Effect of mechanical ventilation in the prone position on clinical outcomes in patients with acute hypoxemic respiratory failure: a systematic review and meta-analysis

Sachin Sud, Maneesh Sud, Jan O Friedrich, Neill K J Adhikari
Canadian Medical Association Journal: CMAJ 2008 April 22, 178 (9): 1153-61

BACKGROUND: Mechanical ventilation in the prone position is used to improve oxygenation in patients with acute hypoxemic respiratory failure. We sought to determine the effect of mechanical ventilation in the prone position on mortality, oxygenation, duration of ventilation and adverse events in patients with acute hypoxemic respiratory failure.

METHODS: In this systematic review we searched MEDLINE, EMBASE, the Cochrane Central Register of Controlled Trials and Science Citation Index Expanded for articles published from database inception to February 2008. We also conducted extensive manual searches and contacted experts. We extracted physiologic data and clinically relevant outcomes.

RESULTS: Thirteen trials that enrolled a total of 1559 patients met our inclusion criteria. Overall methodologic quality was good. In 10 of the trials (n = 1486) reporting this outcome, we found that prone positioning did not reduce mortality among hypoxemic patients (risk ratio [RR] 0.96, 95% confidence interval [CI] 0.84-1.09; p = 0.52). The lack of effect of ventilation in the prone position on mortality was similar in trials of prolonged prone positioning and in patients with acute lung injury. In 8 of the trials (n = 633), the ratio of partial pressure of oxygen to inspired fraction of oxygen on day 1 was 34% higher among patients in the prone position than among those who remained supine (p < 0.001); these results were similar in 4 trials on day 2 and in 5 trials on day 3. In 9 trials (n = 1206), the ratio in patients assigned to the prone group remained 6% higher the morning after they returned to the supine position compared with patients assigned to the supine group (p = 0.07). Results were quantitatively similar but statistically significant in 7 trials on day 2 and in 6 trials on day 3 (p = 0.001). In 5 trials (n = 1004), prone positioning was associated with a reduced risk of ventilator-associated pneumonia (RR 0.81, 95% CI 0.66-0.99; p = 0.04) but not with a reduced duration of ventilation. In 6 trials (n = 504), prone positioning was associated with an increased risk of pressure ulcers (RR 1.36, 95% CI 1.07-1.71; p = 0.01). Most analyses found no to moderate between-trial heterogeneity.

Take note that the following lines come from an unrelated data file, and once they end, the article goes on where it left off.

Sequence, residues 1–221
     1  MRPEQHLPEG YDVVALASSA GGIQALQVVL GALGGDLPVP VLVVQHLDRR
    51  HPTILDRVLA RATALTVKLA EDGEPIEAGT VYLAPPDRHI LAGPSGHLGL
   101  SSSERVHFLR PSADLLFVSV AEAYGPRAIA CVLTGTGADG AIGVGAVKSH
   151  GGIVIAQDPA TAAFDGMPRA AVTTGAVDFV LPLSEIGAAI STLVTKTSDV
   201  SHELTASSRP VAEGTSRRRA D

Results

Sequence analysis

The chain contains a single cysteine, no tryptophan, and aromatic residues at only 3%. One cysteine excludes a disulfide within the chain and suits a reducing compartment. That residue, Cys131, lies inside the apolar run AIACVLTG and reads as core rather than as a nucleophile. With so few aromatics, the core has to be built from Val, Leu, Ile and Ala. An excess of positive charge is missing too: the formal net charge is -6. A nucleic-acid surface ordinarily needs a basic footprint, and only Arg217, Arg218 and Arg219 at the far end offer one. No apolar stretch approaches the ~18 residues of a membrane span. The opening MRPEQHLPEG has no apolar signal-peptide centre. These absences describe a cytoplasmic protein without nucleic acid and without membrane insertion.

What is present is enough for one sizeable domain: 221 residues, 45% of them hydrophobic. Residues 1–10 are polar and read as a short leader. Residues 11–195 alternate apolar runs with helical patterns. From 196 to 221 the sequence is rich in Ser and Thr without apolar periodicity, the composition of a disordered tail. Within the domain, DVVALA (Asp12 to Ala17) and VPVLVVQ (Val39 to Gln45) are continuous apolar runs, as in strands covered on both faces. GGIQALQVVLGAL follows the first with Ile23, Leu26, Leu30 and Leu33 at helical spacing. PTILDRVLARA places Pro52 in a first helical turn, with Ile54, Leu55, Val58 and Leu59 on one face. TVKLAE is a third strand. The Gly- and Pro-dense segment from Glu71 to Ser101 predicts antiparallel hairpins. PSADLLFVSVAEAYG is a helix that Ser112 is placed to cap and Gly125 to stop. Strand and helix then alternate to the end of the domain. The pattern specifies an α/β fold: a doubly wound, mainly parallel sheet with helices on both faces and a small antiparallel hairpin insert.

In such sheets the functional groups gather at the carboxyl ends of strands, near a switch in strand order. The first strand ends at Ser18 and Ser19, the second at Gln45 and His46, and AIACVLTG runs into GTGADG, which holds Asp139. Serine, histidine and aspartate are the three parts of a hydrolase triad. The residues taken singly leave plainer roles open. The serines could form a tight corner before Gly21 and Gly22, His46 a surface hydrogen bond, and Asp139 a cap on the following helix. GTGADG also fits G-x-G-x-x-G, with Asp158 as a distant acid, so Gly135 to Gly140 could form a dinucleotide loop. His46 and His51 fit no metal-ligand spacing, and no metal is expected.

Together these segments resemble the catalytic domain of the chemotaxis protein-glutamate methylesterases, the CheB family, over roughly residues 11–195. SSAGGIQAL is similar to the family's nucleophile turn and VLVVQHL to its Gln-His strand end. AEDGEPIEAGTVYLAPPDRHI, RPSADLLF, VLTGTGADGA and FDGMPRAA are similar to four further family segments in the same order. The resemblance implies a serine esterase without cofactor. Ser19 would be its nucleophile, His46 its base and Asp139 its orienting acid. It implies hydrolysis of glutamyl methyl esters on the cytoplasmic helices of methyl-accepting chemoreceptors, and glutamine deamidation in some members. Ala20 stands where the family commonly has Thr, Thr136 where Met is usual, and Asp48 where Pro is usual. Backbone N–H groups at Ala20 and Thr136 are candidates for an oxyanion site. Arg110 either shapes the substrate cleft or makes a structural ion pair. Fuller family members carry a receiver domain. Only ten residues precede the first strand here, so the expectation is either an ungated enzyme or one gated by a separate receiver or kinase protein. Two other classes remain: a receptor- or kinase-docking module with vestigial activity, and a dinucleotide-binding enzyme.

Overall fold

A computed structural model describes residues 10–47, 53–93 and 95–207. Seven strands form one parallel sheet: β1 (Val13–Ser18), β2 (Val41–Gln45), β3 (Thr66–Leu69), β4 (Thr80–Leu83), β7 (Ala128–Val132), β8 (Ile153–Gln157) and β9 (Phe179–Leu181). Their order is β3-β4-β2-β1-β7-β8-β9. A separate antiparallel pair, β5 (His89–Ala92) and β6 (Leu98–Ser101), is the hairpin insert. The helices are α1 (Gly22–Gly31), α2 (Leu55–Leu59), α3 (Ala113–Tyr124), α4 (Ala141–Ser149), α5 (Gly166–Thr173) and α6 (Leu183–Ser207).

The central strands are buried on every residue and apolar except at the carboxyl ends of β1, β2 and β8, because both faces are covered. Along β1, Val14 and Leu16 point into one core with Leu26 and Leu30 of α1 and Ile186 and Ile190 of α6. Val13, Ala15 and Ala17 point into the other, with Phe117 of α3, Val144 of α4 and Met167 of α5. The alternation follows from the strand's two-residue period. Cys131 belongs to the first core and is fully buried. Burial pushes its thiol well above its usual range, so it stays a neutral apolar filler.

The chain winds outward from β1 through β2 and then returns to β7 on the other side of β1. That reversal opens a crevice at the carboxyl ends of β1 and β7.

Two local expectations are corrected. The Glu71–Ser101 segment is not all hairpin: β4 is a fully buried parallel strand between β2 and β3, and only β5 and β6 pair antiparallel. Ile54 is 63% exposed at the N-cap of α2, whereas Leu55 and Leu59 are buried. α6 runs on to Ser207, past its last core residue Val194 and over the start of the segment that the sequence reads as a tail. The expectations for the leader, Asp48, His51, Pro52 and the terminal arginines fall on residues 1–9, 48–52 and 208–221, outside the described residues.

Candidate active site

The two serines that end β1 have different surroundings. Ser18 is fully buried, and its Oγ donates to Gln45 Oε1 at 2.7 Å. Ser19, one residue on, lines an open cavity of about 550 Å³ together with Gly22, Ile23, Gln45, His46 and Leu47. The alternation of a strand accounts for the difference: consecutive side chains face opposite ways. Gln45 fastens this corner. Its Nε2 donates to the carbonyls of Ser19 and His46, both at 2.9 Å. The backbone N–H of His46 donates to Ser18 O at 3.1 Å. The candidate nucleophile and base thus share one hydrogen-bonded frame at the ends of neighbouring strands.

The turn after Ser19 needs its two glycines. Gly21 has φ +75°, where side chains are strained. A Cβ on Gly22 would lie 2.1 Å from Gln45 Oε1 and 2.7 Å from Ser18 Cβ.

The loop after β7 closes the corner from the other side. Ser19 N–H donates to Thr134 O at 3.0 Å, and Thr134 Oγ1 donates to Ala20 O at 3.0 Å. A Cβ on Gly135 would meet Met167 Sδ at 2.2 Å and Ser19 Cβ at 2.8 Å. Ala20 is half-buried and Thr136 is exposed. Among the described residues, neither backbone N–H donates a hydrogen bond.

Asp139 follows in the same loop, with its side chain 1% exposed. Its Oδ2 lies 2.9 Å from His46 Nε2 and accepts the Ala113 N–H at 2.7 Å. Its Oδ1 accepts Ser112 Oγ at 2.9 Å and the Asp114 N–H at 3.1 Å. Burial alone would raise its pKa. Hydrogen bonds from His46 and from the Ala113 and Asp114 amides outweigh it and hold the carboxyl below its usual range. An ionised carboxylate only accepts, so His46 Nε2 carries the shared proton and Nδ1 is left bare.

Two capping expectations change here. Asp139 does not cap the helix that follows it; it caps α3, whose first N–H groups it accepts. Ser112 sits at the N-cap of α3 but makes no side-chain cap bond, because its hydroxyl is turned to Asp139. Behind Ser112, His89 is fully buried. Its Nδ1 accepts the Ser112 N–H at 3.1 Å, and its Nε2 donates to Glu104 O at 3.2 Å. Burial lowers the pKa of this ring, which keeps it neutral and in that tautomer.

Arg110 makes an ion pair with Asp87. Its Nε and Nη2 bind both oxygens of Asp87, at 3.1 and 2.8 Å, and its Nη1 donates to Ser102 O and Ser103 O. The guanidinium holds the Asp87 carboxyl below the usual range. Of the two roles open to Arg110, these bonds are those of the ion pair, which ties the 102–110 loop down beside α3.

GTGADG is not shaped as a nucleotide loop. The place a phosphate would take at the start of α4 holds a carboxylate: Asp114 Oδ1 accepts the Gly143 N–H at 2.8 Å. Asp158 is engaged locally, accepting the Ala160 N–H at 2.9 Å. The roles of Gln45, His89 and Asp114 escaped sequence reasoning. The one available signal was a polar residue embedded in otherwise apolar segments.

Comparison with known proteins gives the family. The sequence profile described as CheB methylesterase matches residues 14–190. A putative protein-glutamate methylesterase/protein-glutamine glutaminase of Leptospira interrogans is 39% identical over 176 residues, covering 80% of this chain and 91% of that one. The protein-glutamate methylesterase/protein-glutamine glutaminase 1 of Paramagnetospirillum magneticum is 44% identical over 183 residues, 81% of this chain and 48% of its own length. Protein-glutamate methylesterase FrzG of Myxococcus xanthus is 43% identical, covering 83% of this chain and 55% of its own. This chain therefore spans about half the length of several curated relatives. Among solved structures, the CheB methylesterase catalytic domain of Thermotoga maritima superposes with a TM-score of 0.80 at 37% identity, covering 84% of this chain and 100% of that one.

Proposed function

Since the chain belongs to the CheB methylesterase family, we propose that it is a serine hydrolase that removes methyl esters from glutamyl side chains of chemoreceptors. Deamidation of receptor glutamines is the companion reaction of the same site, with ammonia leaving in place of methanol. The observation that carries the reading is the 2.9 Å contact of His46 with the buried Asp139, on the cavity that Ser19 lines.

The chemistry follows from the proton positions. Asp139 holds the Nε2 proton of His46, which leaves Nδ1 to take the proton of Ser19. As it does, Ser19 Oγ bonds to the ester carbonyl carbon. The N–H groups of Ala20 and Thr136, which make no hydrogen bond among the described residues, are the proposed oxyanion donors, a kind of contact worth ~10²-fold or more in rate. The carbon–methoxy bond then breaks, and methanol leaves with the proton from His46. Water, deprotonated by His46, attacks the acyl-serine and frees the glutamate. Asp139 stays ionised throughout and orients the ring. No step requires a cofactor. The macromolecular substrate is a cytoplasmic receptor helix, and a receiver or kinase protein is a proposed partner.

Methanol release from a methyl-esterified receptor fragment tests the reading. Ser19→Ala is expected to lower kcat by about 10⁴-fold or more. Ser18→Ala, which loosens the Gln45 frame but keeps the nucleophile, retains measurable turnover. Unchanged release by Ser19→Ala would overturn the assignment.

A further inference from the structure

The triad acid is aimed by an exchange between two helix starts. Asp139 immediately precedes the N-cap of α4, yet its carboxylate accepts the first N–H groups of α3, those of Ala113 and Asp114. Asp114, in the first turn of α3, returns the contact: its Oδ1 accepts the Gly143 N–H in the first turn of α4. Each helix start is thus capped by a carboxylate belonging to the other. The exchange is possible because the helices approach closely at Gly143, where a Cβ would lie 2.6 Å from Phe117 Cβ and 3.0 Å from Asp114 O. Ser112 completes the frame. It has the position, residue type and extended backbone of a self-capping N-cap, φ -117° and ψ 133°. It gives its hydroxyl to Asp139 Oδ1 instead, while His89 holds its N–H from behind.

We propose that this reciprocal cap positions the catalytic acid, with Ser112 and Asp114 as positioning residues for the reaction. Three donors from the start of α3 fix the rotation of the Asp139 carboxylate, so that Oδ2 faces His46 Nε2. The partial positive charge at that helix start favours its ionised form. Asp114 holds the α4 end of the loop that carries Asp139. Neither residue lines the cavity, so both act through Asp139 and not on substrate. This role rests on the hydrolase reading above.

INTERPRETATION: Mechanical ventilation in the prone position does not reduce mortality or duration of ventilation despite improved oxygenation and a decreased risk of pneumonia. Therefore, it should not be used routinely for acute hypoxemic respiratory failure. However, a sustained improvement in oxygenation may support the use of prone positioning in patients with very severe hypoxemia, who have not been well-studied to date.

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